When was the first known radio broadcast which was received?
- Anonymous1 decade agoFavorite Answer
The first extended broadcast of the human voice was transmitted through the air on December 24, 1906 from Brant Rock, Massachusetts. A Canadian engineer, Reginald Fessenden, had worked for Thomas Edison in his New Jersey Laboratory, and later became a professor at the University of Pittsburgh.
Fessenden was convinced that the "wireless telegraph", which then carried only the sputtering dots and dashes of Morse code, could carry the human voice. The most common use for wireless at that time was communication with merchant ships at sea, directing them to ports where the cargo would bring the best price. The shipboard wireless operators were called "Sparks."
An account by Fessenden's wife Helen reports his historic transmission, as the Sparks on ships across the Atlantic heard what they had dreamed about - and thought impossible.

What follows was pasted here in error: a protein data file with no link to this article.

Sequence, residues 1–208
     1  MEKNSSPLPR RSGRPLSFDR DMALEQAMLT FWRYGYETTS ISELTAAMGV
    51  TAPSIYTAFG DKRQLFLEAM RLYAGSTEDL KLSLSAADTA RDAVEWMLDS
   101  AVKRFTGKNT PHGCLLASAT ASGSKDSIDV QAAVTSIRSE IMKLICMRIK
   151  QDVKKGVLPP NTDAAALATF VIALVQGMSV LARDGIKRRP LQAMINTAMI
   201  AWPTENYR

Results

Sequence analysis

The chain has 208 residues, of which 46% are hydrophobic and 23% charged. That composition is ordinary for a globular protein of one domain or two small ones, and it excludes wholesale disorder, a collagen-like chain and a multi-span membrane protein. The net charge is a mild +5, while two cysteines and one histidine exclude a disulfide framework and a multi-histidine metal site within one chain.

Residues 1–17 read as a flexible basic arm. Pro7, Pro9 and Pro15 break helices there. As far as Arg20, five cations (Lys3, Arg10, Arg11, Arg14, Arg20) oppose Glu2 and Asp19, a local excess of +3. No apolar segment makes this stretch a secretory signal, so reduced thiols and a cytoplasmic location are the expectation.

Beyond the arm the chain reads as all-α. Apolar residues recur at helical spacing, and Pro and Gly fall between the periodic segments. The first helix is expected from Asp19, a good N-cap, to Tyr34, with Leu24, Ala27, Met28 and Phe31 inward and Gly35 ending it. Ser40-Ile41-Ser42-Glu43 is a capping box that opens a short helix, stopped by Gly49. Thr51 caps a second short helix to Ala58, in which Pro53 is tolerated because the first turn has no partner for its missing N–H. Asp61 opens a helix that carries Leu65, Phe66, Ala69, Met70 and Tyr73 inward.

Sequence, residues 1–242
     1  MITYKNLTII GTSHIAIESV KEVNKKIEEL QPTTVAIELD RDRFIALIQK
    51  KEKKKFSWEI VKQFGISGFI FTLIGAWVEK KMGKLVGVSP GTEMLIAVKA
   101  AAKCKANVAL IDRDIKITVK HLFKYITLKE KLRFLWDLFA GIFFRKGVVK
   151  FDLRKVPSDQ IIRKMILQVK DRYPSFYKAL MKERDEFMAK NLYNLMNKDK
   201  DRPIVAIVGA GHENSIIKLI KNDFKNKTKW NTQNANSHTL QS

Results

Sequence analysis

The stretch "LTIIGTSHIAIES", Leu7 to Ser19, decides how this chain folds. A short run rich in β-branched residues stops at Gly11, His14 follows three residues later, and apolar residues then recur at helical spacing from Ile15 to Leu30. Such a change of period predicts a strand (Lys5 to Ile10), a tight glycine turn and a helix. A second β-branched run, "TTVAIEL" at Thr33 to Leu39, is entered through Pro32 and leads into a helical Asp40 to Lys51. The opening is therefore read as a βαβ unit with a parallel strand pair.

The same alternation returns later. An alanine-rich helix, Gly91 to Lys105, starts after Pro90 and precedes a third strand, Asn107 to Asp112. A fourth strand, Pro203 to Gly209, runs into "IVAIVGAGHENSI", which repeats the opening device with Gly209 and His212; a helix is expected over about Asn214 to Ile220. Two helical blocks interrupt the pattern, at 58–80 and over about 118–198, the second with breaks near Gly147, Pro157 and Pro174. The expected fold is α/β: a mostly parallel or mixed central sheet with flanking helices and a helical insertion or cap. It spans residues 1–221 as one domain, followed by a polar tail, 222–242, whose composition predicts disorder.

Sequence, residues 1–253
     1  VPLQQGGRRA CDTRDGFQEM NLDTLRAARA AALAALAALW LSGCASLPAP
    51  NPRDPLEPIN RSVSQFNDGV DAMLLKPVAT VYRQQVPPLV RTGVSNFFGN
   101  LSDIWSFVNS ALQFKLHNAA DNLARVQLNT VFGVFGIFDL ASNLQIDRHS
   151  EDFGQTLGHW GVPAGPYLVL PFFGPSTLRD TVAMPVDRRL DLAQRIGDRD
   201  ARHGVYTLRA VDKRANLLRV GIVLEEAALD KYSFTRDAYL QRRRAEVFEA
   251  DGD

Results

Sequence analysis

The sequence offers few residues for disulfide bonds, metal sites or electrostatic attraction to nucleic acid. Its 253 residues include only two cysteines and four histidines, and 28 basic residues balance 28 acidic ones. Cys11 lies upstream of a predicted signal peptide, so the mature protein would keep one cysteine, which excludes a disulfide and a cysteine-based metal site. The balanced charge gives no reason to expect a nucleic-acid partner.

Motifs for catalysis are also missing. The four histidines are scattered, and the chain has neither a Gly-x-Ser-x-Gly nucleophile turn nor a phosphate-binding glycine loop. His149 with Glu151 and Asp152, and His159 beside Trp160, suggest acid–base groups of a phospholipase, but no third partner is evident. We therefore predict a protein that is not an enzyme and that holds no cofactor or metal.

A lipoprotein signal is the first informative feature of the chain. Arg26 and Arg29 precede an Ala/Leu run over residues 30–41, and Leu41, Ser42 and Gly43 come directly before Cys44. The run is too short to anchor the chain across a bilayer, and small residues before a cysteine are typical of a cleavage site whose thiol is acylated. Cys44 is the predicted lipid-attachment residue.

- tampicoLv 61 decade ago
# On December 23, 1900, the Canadian-American physicist Professor Reginald Aubrey Fessenden transmitted speech using a spark-gap transmitter. He spoke the words, "One, two, three, four, is it snowing where you are Mr. Thiessen? If it is, would you telegraph back to me?" Mr. Thiessen, one mile way, heard the transmission. His voice was the first ever to be transmitted by radio waves and heard by another person.
# On Dec. 16, 1907, the first singer to broadcast was Eugenia H. Farrar, whose voice was broadcast by Lee De Forest from the Brooklyn Navy Yard on the occasion of the departure of Admiral Robley Dunglison Evans ("Fighting Bob Evans") on a cruise with the fleet.
# On Jan. 12-13, 1910, Lee De Forest arranged the world's first radio broadcast to the public, directly from Metropolitan Opera to several listeners in New York.Source(s): http://guidodeiro.com/radio.html
- 1 decade ago
Christmas Eve, 1906. It was broadcast by Reginald Fessendend from Brant Rock, Massachusetts. If you aren't studying radio/tv (as in you don't have a book with all this information), then check out wikipedia, they always have some interesting information.